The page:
Saudi British Bank (SABB), an affiliate of HSBC Holdings, is aiming to sell an Islamic bond by year-end to strengthen its capital base, two banking sources aware of the matter said on Monday.
HSBC is advising SABB on the potential riyal-denominated sukuk issue to boost its Tier 2 capital position, the sources said, declining to be identified as the matter is not public.
SABB’s total capital ratio – combining core Tier 1 and supplementary Tier 2 capital – was one of the lowest among banks in the kingdom at the end of June, at 14.78 percent.
It was still well above the minimum capital adequacy ratio – a key benchmark of a bank’s financial strength – required by the Saudi Arabian Monetary Agency of 8 percent.
“SABB’s capital adequacy ratio is adequate but it’s at the lower end of the Saudi spectrum,” said Jaap Meijer, director of equity research at Dubai-based Arqaam Capital, adding the value of an existing subordinated sukuk to the bank’s capital ratio was also diminishing as it moved towards maturity.
SABB, the kingdom’s third-largest listed lender by market value and 40 percent owned by HSBC, declined to comment.
Saudi banks are well capitalised compared to their Western counterparts but strong loan growth fuelled by a massive government spending programme has put downward pressure on their capital position.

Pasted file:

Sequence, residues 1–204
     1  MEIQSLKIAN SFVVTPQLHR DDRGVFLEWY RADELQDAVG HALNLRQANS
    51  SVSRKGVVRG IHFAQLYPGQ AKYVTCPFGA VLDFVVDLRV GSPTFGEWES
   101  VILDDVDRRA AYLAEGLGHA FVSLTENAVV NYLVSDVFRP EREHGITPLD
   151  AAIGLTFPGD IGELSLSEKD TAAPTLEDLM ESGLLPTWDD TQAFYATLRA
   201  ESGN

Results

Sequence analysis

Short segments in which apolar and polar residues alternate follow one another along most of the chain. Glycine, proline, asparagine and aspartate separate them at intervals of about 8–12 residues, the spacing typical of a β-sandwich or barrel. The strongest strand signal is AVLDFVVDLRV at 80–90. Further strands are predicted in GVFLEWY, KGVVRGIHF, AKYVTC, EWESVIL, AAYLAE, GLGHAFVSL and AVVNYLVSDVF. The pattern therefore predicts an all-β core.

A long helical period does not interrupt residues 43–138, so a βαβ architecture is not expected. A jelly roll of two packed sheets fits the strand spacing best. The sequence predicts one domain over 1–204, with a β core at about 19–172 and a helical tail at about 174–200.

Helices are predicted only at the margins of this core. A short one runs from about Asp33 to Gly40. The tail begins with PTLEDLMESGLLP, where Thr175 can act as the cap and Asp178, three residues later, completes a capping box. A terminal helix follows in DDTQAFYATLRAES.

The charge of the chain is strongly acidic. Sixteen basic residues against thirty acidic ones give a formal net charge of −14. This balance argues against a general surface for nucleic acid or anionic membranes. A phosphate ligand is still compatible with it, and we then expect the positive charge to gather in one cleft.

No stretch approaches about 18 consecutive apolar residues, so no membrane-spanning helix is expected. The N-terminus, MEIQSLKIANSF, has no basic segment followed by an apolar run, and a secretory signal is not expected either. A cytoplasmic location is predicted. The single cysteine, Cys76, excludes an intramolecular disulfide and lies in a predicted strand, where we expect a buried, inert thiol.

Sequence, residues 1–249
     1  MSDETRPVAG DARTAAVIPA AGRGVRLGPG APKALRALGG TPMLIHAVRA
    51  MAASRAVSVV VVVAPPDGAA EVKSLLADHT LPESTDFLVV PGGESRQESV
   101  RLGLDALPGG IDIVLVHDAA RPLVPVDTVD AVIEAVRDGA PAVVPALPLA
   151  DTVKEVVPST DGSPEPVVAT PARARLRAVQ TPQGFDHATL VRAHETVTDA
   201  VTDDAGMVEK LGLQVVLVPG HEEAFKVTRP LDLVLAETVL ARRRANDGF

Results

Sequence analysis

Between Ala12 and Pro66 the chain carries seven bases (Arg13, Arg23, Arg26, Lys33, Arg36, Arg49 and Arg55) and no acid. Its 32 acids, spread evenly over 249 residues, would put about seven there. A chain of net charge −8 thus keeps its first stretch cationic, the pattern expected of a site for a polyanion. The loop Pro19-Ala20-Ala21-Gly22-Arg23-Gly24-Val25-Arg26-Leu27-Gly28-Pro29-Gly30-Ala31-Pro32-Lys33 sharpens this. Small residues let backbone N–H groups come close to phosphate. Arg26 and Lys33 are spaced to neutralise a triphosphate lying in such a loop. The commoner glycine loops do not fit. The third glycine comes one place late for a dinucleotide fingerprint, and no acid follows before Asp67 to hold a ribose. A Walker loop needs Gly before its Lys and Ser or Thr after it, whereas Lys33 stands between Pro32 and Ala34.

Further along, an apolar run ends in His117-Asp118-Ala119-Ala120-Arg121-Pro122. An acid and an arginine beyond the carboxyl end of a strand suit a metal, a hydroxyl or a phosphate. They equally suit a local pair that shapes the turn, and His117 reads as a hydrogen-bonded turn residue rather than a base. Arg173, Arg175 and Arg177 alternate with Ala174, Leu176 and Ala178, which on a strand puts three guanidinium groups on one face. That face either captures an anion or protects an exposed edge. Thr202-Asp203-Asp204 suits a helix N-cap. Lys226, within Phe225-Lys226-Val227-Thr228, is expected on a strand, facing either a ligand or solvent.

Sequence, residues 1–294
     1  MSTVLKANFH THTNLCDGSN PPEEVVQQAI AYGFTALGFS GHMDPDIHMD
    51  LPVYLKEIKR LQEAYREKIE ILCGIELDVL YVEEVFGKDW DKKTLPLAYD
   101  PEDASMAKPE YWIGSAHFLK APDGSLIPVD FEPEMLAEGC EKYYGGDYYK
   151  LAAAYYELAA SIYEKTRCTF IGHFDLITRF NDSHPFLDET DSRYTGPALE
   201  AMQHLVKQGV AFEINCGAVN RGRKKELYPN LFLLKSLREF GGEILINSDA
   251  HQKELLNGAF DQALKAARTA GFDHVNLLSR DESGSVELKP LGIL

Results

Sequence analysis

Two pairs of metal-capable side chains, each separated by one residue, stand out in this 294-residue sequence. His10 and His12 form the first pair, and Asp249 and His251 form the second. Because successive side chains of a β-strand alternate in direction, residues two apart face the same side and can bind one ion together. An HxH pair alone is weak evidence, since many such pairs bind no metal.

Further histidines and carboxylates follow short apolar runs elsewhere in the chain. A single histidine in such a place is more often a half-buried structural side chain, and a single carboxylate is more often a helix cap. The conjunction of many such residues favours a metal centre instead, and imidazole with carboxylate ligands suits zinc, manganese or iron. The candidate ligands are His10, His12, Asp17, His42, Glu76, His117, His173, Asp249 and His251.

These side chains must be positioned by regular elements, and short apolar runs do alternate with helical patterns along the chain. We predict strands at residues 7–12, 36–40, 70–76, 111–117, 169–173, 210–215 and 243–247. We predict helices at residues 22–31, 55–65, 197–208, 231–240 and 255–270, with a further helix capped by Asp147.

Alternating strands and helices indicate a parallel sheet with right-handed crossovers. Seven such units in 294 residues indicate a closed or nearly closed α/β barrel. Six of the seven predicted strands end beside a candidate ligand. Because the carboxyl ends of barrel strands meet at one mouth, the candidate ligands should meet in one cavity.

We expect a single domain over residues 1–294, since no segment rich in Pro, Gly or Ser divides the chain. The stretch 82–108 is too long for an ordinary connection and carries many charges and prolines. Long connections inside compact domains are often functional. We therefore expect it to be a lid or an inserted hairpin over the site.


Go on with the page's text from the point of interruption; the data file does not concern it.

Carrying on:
Lending to the private sector grew by 16.5 percent year on year in May, the fastest rate since February 2009, according to central bank figures.
SABB has sold a Tier 2 sukuk once before. In March 2012, it completed a 1.5 billion riyal ($400 million) five-year issue which priced at 1.2 percent over the Saudi interbank offered rate (Saibor). HSBC Saudi Arabia also arranged that transaction.
Given the amount of liquidity local investors have to deploy, a sukuk offering from one of the kingdom’s biggest banks is likely to draw heavy demand.
That should also bring an interest rate attractive to the lender, with a separate Saudi banker remarking that pricing between a regular sukuk and a capital-boosting issue wouldn’t be much different – meaning it made sense to sell the latter to raise funds and augment its financial strength at the same time.
Standard & Poor’s raised the outlook on SABB’s A rating to positive from stable in June on the back of a similar move for Saudi Arabia’s country rating, citing the high level of likely sovereign support for the lender should it get into difficulty.
The Saudi government owns 9.5 percent of SABB, according to Thomson Reuters data.